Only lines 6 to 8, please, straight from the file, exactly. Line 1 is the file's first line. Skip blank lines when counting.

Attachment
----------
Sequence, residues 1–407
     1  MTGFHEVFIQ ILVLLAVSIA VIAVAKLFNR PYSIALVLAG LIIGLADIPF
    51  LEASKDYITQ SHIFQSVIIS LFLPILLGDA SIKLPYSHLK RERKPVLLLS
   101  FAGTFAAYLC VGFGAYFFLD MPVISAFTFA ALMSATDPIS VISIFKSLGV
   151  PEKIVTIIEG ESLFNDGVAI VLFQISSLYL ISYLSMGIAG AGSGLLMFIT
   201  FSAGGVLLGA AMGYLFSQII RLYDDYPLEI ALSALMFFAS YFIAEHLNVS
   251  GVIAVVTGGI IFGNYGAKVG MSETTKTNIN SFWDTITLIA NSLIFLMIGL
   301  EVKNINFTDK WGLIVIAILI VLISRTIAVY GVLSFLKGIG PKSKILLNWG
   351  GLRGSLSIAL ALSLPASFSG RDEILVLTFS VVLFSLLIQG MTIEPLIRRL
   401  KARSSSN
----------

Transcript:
   201  FSAGGVLLGA AMGYLFSQII RLYDDYPLEI ALSALMFFAS YFIAEHLNVS
   251  GVIAVVTGGI IFGNYGAKVG MSETTKTNIN SFWDTITLIA NSLIFLMIGL
   301  EVKNINFTDK WGLIVIAILI VLISRTIAVY GVLSFLKGIG PKSKILLNWG